Dear Pitt Alumnus ’99:
Thank you for your inquiry about our stance on the ranking methodology employed by U.S. News & World Report. Like most of this country’s major universities, we have very mixed feelings about the U.S. News & World Report rankings. We cannot ignore them because important partners (like potential students and their families and potential faculty members and their families) take them seriously. On the other hand, we are struggling to serve our students and society without spending more money than is needed, so we would regard it as irresponsible if we were to allow the U.S. News rankings to force us to spend money in a way that we regard as otherwise inappropriate.
Our response to this dilemma has been to examine each individual component that goes into the U.S. News ranking and decide for ourselves whether paying attention to that component has programmatic merit. If it does, we have regarded them as helping us point in a good direction. When you were a student in the late 1990s, you saw us changing many things. All of them were things we thought would provide your class with a better education, and some of them helped with the U.S. News rankings. For example, we increased the number of sections of the main writing courses to keep enrollment in each section below 20. We believe that writing instructors can help their students better if we keep the class size small for that particular subject. Similarly, we have reduced enrollment per section in a few other judiciously chosen courses where we believe that instruction is more effective at lower enrollment. We could not cost effectively provide small section enrollment in all courses. U.S. News counts the fraction of a school’s sections that are under an enrollment of 20 and assigns a better ranking the larger the fraction of such sections, regardless of the subject of study in the course.
Some U.S. News decisions about ranking do seem to us to be counterproductive. I’ll give you two examples. First, they give heavy weight to how much money the university spends in delivering its programs, the more money spent the better the ranking. In no other endeavor that I’m aware of would one say that if two institutions produced the same product for significantly different costs the institution that spent more money producing the product was the better institution. Secondly, when they try to capture the issue of classes being too large, we believe that U.S. News has badly missed the point. For a variety of reasons, some introductory courses are taught in large sections at even the expensive private schools. The question is not whether there are any courses taught in large sections but rather how many such courses there are. U.S. News, by focusing on sections rather than courses, has had to pick a section size, and then by choosing a section size of 50 as their definition of “large” they have severely disadvantaged universities that are trying to keep the sections of these courses from becoming too large. So for example, our introductory science courses tend to have between 80 and 150 students in each section, resulting in about five sections of many of these courses. Other state universities, some of them close-by, might instead have one section of nearly 1000 students. We think that we can teach our students better by keeping our section sizes down by having extra sections, and we are not willing to change this. But to U.S. News, which counts sections of enrollment over 50 and reduces ranking the more such sections it finds, we have about five times as many large sections as we would have if we emulated those other state universities.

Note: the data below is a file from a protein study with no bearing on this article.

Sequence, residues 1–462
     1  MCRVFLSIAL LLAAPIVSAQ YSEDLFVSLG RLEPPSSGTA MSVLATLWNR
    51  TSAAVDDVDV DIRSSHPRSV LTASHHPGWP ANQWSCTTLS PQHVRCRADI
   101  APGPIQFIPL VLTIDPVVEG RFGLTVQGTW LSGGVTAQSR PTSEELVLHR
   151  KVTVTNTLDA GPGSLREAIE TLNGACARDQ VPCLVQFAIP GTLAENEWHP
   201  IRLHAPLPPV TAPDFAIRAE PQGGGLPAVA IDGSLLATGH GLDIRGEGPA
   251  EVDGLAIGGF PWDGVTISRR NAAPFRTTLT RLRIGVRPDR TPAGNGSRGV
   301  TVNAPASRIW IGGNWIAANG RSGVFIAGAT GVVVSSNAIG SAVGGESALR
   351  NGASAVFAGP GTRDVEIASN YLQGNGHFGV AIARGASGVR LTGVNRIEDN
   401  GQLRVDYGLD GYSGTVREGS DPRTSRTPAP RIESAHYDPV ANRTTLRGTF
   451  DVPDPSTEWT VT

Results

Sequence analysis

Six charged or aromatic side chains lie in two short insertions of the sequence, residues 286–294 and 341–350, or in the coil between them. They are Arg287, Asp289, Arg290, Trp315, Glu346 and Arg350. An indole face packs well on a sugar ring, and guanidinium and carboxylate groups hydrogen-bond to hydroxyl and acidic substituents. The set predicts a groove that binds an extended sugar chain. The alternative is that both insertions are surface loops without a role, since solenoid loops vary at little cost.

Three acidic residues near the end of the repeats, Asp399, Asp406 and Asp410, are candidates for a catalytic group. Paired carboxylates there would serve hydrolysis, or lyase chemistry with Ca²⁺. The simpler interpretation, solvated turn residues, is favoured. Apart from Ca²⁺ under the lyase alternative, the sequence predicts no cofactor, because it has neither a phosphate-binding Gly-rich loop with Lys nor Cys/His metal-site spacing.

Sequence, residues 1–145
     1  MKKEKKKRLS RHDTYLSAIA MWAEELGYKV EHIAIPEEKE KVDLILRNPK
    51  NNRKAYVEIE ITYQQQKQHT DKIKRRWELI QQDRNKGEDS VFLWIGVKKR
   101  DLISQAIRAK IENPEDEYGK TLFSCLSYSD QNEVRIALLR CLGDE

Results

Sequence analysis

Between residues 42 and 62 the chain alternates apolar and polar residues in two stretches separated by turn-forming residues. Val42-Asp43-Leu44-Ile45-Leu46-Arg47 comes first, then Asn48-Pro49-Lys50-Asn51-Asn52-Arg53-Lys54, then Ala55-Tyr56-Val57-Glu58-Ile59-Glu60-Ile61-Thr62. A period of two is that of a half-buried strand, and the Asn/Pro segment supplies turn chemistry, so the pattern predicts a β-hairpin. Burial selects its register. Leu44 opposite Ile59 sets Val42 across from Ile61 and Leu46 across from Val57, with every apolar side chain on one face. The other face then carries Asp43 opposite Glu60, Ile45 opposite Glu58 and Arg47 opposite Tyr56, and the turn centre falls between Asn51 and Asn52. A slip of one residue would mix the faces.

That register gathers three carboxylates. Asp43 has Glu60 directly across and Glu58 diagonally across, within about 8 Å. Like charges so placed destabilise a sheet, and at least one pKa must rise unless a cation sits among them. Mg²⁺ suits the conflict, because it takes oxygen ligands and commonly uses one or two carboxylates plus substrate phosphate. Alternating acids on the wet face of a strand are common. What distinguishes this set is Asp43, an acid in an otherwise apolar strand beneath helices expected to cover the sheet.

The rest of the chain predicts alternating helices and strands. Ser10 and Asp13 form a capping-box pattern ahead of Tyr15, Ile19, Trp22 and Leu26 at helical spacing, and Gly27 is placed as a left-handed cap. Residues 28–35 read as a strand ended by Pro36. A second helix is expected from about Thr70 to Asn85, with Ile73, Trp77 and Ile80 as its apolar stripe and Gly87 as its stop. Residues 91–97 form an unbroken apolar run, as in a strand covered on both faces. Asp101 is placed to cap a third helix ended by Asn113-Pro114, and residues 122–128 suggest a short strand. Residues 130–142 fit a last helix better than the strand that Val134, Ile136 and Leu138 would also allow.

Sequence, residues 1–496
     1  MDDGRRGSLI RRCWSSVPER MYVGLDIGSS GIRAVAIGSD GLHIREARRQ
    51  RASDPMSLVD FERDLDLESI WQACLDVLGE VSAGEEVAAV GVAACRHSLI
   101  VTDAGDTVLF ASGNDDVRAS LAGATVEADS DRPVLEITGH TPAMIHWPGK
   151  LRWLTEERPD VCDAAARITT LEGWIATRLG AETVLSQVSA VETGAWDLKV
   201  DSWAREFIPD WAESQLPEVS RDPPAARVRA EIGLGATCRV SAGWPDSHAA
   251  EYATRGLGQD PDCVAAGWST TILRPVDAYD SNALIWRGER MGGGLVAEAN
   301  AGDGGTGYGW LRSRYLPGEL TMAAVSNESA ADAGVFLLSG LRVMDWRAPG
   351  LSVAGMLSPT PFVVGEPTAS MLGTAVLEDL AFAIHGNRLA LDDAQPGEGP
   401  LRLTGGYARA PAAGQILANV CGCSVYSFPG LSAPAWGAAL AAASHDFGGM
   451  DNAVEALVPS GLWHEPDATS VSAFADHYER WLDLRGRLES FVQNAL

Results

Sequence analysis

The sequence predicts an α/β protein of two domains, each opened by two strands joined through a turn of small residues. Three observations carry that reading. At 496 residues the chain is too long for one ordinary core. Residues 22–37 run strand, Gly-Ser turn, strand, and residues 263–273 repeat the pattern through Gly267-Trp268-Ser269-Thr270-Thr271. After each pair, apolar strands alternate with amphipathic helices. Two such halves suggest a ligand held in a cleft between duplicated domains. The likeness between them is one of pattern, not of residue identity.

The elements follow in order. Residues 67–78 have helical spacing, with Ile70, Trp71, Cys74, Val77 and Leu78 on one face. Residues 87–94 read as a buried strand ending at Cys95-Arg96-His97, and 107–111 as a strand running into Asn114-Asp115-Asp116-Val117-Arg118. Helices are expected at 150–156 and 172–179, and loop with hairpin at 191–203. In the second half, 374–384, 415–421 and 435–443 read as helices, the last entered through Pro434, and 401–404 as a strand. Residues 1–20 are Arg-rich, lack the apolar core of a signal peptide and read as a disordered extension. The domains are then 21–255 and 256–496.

I hope the information I have just provided is helpful to you. The bottom line is that we are regularly reviewing everything we do, trying to keep costs (and thus tuition) to a minimum while providing our students with an education that is very competitive with the education provided by much more expensive universities. Rankings do matter because the value of a Pitt degree for alumni as well as prospective students can be hurt by bad rankings, but we cannot allow the rankings to skew the quality or cost of the education we offer. You saw many changes during your time as a student here, and I hope that you agree that those were good changes. And even though our tuition also increased during your time with us, I hope you recognize that we were charging a tuition that is about a third of the tuition of the good private schools (and the Commonwealth appropriation doesn’t come close to closing that gap---we are closing the gap by being very reflective about which expenses really matter for the quality of the experience we are offering).
It is good to hear from an interested alumnus like you. Since I suspect that many more alumni would like to hear the answer to your question, I will put this letter, minus your name, on my website for all of them. In the meantime, I hope that all goes well for you and that you continue to be interested in your alma mater.